His no-look passes were really look-at-me passes, part of why the Huskies privately are OK with Tony Wroten moving on to the NBA after one season.
As much satisfaction as Huskies fans had in seeing Terrence Ross and Tony Wroten have the dream of their lives by being draft into the NBA Thursday, was I the only one wondering whether it was some sort of a record to have two first-rounders from a team that didnt make the NCAA tourney?
Unsurprisingly, Huskies coach Lorenzo Romar was a little touchy on the matter.
I think we should have made it, he said on a conference call from New York, where he attended the draft. The (tourney selection committee) criteria said we didnt have the numbers, but I think we were better than a lot of the teams in the tourney.
We were a young team that started slowly and won 24 games, finished the conference 14-4. We were young and inconsistent. Other young, inconsistent teams have been able to slip into the tourney.
Thats probably true, but the counter-argument is that most every team in the era of one-and-done is young and inconsistent. Program churn is a fact of life in big-time college ball.
Its also true Washingtons tourney chances were hurt by being part of the Pac-12, the worst conference since the North Korea Rocket-Science Society. Romar would never acknowledge that publicly, either.
Those two factors helped combine for the biggest demerit on the Washington tourney resume: Lack of a signature win.
The Huskies did, however, have several signature losses, including their last two: the first-round loss in the Pac-12 postseason tourney to Oregon State, and the season closer, a 68-67 overtime loss to Minnesota in the semifinals of the NIT.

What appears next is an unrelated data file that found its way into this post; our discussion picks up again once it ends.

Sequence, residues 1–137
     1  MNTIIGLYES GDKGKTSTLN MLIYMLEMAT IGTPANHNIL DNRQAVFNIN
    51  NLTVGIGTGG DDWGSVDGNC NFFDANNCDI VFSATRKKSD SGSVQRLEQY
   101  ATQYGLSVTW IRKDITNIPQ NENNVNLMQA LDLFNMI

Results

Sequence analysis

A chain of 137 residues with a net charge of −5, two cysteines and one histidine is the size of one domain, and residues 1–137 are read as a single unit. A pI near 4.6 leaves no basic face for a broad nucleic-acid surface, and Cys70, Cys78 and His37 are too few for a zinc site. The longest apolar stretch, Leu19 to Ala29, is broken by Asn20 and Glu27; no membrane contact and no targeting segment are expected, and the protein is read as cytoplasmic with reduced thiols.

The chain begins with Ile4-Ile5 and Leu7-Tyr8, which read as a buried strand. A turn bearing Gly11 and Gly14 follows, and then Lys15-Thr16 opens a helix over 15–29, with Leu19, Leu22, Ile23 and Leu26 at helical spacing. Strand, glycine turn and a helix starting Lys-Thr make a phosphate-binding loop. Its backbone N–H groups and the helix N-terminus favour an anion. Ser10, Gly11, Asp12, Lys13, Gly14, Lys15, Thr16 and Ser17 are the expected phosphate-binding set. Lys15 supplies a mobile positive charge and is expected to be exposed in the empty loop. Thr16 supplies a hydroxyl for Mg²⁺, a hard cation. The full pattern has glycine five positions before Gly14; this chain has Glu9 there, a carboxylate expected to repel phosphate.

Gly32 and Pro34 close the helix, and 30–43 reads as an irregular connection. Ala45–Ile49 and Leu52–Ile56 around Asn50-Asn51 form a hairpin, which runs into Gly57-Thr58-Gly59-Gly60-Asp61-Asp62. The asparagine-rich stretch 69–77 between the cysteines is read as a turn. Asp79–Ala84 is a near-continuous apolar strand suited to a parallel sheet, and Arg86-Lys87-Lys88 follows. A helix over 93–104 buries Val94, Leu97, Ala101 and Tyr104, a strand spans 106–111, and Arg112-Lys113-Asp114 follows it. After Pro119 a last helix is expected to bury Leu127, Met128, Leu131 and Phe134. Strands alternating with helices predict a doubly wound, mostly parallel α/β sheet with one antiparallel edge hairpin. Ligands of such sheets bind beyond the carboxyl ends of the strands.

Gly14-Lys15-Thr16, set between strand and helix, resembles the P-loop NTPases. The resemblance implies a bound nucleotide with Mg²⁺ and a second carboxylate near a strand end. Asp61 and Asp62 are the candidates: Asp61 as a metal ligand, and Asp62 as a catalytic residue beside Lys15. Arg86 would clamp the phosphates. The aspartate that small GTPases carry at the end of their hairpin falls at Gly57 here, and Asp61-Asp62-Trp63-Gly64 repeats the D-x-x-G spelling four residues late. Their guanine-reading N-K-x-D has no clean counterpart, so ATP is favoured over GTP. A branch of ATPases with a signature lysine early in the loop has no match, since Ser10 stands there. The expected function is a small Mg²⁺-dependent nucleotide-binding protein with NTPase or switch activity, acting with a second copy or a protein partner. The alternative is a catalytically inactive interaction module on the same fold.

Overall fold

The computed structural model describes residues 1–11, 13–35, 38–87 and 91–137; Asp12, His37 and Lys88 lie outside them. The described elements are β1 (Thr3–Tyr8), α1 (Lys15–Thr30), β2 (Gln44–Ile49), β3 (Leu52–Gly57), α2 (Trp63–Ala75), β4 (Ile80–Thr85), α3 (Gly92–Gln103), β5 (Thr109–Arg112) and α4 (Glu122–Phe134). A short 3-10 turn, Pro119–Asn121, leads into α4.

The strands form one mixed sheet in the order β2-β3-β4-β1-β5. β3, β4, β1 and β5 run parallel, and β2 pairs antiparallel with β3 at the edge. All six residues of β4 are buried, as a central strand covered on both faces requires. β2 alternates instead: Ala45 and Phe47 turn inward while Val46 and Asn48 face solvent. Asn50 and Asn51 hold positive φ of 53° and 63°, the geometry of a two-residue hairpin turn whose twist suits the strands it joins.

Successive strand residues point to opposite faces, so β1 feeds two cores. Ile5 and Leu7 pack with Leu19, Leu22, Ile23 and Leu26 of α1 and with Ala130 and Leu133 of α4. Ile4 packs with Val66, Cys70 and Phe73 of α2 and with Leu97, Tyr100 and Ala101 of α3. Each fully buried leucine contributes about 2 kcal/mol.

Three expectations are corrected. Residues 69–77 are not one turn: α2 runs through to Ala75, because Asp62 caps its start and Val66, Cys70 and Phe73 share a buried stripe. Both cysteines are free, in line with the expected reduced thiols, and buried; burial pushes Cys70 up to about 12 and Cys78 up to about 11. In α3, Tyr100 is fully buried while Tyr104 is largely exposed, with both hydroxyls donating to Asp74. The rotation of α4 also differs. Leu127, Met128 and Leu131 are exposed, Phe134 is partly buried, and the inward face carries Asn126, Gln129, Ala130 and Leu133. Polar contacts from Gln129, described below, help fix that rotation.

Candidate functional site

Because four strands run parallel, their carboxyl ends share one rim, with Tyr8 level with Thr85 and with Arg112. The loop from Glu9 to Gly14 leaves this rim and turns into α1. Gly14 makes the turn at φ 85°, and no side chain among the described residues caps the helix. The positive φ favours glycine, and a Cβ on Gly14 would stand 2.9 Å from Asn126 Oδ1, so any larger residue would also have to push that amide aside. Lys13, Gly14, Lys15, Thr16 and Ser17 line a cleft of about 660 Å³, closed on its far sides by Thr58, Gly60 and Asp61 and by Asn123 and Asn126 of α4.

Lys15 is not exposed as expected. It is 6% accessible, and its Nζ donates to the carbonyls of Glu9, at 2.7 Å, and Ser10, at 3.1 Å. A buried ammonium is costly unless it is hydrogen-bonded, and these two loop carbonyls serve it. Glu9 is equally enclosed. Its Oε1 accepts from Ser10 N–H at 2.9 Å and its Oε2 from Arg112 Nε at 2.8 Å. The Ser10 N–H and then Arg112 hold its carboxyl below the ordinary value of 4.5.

In both games, Wroten was not much help. In fact, for the start of the second half in New York, in which the Huskies trailed 38-26, Romar benched the Pac-12 freshman of the year, who finished with nine points, missing 12 of 16 shots and absent a single assist.
Washington nearly pulled off an improbable comeback. Romar made a telling point afterward.
“In the second half, he said, I thought we were a team.”
So 35 games after they began, the Huskies finally were a team. As much as anything, that disjointed development was why they werent tourney-worthy. While its unfair to lay blame on a single player for UWs inability to coalesce, it is reasonable to say that the more Wroten came to dominate a game, the less effective Washington was as a team.
Which is why, privately, Romar is glad to see Wroten move on. Not because hes a bad guy or wont be a solid pro. But because for Romars purposes at Washington, less of Wroten will be more.
Of course, Romar will never say anything like that publicly. But a lot of others around the program would speak to the point for him. Including me. In watching the TV highlights that followed Wrotens selection by the Memphis Grizzlies with the 25th pick, I was reminded again of my game-action tell-tale for the me-first ballplayer: The artificial no-look pass.
Hate it. The ballhandler comes down on a fast break, passes to a teammate and an instant later snaps his head away to feign the no-look. Fans think its cool, but its all for show.
That kind of no-look pass is really a look-at-me pass. It has been a Wroten trademark. The pro game may well beat it out of him, along with other aspects of his immaturity. If that happens, look out. Wroten could become the best 25th pick in NBA history.
Isnt showboating really a small thing? Sure. But the Huskies wouldnt have needed more than a couple of small things to go their way to get into the NCAA field. Like maybe a couple of more free throws from a 58 percenter, or one more threes from a guy who made 9 of 56 for the season. Or a completed pass to a teammate instead of a mustard-covered turnover. Small things.
When asked about Wrotens selection, Romar said, Tony took a lot of criticism this year, and he was a first-round raft pick. It was a difficult decision (to turn pro) and Im really happy for him.
Far as I know, those four statements are true, true, true and true. But the truth is, Wroten made a good decision for himself, his college coach and teammates in ways that wont be spoken.